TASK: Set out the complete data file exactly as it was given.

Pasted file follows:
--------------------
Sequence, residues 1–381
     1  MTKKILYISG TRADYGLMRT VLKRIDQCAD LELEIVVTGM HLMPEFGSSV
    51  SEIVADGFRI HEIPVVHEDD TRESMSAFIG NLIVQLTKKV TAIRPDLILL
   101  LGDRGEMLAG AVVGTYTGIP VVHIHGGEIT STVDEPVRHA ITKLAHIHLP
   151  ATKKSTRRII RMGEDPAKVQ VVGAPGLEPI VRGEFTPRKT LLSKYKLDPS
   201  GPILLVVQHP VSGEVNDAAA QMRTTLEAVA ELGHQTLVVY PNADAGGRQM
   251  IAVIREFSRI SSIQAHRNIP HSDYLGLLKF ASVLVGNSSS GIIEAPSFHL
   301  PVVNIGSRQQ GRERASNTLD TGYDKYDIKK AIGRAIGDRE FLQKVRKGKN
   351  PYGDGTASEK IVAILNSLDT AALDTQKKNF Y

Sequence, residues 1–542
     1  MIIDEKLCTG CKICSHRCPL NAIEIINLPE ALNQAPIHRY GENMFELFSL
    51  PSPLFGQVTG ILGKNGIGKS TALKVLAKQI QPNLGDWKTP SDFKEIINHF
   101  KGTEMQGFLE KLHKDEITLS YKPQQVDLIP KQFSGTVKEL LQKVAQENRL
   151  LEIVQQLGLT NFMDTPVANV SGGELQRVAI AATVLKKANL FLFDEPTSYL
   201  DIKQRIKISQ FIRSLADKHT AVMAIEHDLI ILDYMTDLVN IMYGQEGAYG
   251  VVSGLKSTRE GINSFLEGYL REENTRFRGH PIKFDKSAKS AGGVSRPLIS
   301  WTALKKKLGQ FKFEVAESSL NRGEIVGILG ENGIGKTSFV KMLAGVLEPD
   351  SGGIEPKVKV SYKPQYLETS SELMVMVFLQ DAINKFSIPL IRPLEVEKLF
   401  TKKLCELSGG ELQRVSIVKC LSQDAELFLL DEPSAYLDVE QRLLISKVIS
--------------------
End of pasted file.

Sequence, residues 1–381
     1  MTKKILYISG TRADYGLMRT VLKRIDQCAD LELEIVVTGM HLMPEFGSSV
    51  SEIVADGFRI HEIPVVHEDD TRESMSAFIG NLIVQLTKKV TAIRPDLILL
   101  LGDRGEMLAG AVVGTYTGIP VVHIHGGEIT STVDEPVRHA ITKLAHIHLP
   151  ATKKSTRRII RMGEDPAKVQ VVGAPGLEPI VRGEFTPRKT LLSKYKLDPS
   201  GPILLVVQHP VSGEVNDAAA QMRTTLEAVA ELGHQTLVVY PNADAGGRQM
   251  IAVIREFSRI SSIQAHRNIP HSDYLGLLKF ASVLVGNSSS GIIEAPSFHL
   301  PVVNIGSRQQ GRERASNTLD TGYDKYDIKK AIGRAIGDRE FLQKVRKGKN
   351  PYGDGTASEK IVAILNSLDT AALDTQKKNF Y

Sequence, residues 1–542
     1  MIIDEKLCTG CKICSHRCPL NAIEIINLPE ALNQAPIHRY GENMFELFSL
    51  PSPLFGQVTG ILGKNGIGKS TALKVLAKQI QPNLGDWKTP SDFKEIINHF
   101  KGTEMQGFLE KLHKDEITLS YKPQQVDLIP KQFSGTVKEL LQKVAQENRL
   151  LEIVQQLGLT NFMDTPVANV SGGELQRVAI AATVLKKANL FLFDEPTSYL
   201  DIKQRIKISQ FIRSLADKHT AVMAIEHDLI ILDYMTDLVN IMYGQEGAYG
   251  VVSGLKSTRE GINSFLEGYL REENTRFRGH PIKFDKSAKS AGGVSRPLIS
   301  WTALKKKLGQ FKFEVAESSL NRGEIVGILG ENGIGKTSFV KMLAGVLEPD
   351  SGGIEPKVKV SYKPQYLETS SELMVMVFLQ DAINKFSIPL IRPLEVEKLF
   401  TKKLCELSGG ELQRVSIVKC LSQDAELFLL DEPSAYLDVE QRLLISKVIS